Case Studies Are Still a Marketing Staple

Building Credibility with Satisfied Clients

A “case study” in the context of marketing is an analysis of a project, campaign or company that identifies a situation, recommended solutions, implementation actions and identification of those factors that contributed to failure or success.”

— Lee Odden, CEO of TopRank Marketing and editor of Online Marketing Blog

Neither Neil Mortine nor I will forget the day we traveled to a prospective client’s office and I spilled hot tea on the contact’s white carpet. While Neil likes to embellish what happened next, the bottom line is that, based on that meeting, we implemented a successful case study campaign on behalf of Holophane that spans 29 years and continues today. Holophane is part of Acuity Brands Lighting, Inc.

Case studies are nothing new but they are far from antiquated. Many companies consider case studies a marketing staple because they have the ability to effectively engage with target audiences and tell the company’s story.

“Case studies are important to our marketing efforts because they help our customers relate to our solutions through examples of real world projects, actual project data and results,” said Tom Pierce, Manager of Marketing Communications for Acuity Brands Lighting. “These testimonials are invaluable to building credibility for our products, services and company.”

An Under-Optimized Form of Brand Storytelling

Odden estimates that 71 percent of content marketers use case studies, but he believes this marketing communications tactic is still under-optimized as a form of brand storytelling.

“Case studies provide a structured problem and solution format that provide context, situation and challenges the reader can empathize with,” Odden said. “Case studies also supply insight into how a problem was solved, paving the way for the solution and measures of success.”

“Without them (case studies), you’re stuck with explaining what you do and why it’s beneficial to customers,” said Andrew Angus, founder and CEO of Switch Video. “But there are only so many ways you can describe yourself.”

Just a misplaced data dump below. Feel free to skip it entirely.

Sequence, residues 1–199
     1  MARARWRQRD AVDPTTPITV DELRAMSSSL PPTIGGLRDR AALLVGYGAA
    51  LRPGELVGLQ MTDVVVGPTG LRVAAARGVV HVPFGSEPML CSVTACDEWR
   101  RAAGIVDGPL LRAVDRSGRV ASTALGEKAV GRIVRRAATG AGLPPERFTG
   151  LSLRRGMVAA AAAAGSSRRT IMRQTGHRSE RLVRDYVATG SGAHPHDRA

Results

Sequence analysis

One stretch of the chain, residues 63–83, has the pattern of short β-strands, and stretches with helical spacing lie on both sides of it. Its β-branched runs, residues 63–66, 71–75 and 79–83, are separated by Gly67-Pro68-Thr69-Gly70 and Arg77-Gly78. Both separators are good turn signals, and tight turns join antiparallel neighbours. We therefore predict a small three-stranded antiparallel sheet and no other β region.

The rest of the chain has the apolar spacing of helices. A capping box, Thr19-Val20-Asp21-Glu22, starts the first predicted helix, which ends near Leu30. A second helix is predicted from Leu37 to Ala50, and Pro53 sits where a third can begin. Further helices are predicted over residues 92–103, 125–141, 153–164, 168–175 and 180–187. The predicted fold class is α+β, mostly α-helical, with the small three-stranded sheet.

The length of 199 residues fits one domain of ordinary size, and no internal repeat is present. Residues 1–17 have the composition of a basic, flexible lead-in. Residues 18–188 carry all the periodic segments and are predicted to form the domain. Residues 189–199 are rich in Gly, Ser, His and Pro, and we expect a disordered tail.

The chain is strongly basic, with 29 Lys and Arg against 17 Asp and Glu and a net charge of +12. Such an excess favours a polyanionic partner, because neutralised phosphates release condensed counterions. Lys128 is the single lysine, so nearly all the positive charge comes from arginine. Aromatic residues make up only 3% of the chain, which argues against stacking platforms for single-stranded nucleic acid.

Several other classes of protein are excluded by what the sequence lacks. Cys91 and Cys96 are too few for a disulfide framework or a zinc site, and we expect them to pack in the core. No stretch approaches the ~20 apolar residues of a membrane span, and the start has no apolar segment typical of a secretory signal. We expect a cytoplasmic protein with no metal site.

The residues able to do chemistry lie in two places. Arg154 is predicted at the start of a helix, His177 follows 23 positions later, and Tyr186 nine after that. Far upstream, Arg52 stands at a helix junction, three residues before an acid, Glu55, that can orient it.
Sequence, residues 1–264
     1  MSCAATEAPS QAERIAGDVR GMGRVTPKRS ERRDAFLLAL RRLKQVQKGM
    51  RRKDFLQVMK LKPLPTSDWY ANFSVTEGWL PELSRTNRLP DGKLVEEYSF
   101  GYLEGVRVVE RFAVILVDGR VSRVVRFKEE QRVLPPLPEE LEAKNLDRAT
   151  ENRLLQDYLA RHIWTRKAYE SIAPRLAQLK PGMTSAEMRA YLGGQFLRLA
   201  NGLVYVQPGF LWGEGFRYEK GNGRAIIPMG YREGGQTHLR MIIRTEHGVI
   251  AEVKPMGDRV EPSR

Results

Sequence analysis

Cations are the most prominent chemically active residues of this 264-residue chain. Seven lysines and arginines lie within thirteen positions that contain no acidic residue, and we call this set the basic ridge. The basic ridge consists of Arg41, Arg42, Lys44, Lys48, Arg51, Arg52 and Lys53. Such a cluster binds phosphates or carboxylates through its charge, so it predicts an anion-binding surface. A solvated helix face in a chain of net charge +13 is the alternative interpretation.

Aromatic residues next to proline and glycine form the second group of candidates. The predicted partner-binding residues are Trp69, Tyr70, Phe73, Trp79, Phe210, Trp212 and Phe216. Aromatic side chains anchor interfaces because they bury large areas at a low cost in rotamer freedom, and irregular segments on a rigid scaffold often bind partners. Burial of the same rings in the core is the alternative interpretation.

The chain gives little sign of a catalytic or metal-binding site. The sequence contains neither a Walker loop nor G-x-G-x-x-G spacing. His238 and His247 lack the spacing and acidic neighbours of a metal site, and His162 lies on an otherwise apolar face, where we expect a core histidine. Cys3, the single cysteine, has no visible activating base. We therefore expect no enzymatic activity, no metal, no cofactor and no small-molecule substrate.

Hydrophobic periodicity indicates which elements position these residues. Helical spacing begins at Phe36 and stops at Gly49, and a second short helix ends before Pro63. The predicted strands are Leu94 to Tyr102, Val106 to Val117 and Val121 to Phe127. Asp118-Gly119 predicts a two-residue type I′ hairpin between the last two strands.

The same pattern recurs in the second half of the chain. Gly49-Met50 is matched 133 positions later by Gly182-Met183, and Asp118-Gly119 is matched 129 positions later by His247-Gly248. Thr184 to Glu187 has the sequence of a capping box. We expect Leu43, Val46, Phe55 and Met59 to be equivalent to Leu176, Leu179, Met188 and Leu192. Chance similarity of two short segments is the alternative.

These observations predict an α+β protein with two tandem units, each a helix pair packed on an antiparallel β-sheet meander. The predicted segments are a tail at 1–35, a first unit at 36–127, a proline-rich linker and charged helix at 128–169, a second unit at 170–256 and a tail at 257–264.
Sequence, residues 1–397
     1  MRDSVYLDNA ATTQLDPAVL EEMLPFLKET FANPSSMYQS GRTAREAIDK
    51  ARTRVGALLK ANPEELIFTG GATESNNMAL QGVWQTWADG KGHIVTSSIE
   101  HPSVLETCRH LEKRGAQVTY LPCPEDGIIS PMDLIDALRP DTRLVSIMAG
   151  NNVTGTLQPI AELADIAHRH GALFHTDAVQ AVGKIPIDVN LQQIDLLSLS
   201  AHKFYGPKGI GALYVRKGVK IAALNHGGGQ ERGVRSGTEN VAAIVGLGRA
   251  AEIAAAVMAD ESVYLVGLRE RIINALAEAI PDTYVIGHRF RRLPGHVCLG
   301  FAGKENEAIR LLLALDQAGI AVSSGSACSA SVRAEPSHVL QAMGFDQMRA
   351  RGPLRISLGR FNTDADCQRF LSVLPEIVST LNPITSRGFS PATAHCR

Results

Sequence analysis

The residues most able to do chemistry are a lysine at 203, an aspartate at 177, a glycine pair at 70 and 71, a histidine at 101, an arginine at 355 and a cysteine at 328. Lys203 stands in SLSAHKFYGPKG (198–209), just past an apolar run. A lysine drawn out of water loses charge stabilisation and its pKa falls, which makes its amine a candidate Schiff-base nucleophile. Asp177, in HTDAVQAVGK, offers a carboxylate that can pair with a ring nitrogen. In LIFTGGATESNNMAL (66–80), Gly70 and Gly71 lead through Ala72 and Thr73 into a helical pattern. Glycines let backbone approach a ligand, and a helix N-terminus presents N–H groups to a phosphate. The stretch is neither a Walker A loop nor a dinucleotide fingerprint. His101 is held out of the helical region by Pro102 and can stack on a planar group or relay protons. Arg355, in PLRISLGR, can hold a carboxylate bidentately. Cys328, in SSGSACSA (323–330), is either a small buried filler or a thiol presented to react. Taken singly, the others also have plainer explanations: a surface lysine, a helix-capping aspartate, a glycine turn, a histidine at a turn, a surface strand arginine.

Odden and Angus cite specific advantages case studies offer:

  • They provide a structured problem and solution format with practical insights readers can apply to their own situations.
  • They demonstrate the solution provider’s approach to problem solving and project implementation.
  • As a collection, case studies can paint a picture of the areas in which a company excels and the expertise that differentiates the business from competitors.
  • Case studies enable companies to leverage customers’ brand power by showing the businesses that have purchased and used the product.

Odden also provides advice about developing and maintaining case studies:

  • Review any case studies you use regularly and remove or revise any that become outdated.
  • Confirm in advance that you will be able to obtain required parties’ approval to avoid spending time and money in a case study that will never see the light of day.
  • Invest in great writing. A case study with boring or underwhelming performance has the potential to turn prospects away rather than engage them.

Every case study must focus on the customer that used the product rather than the company selling it.

“Marketers have to remember: it isn’t about them, their product or their service,” said Bryan Eisenberg, best selling author, keynote speaker and consultant. “It’s about their customers, their problems and how they got solved.”

A Marketing Tool With Many Uses

While companies have long used case studies as part of more traditional marketing materials, case studies these days may appear in blogs, as PDFs, videos and as visually appealing infographics. Many companies offer a dedicated case studies page on their website, spotlight case studies on their home page, feature them in email marketing and post about them on social media.

“We typically utilize our case studies as demand generation tools that are published both on our websites as well as distributed by our sales team via email or face-to-face presentations,” Pierce said. “PDFs are easily distributed online and make great printed handouts for proposal packages, seminars and lunch-n-learns. They also are a good tool for approaching social media outlets and trade publications and securing other PR opportunities that help spread the word.”

How do case studies help spread the word for your company or clients?

 

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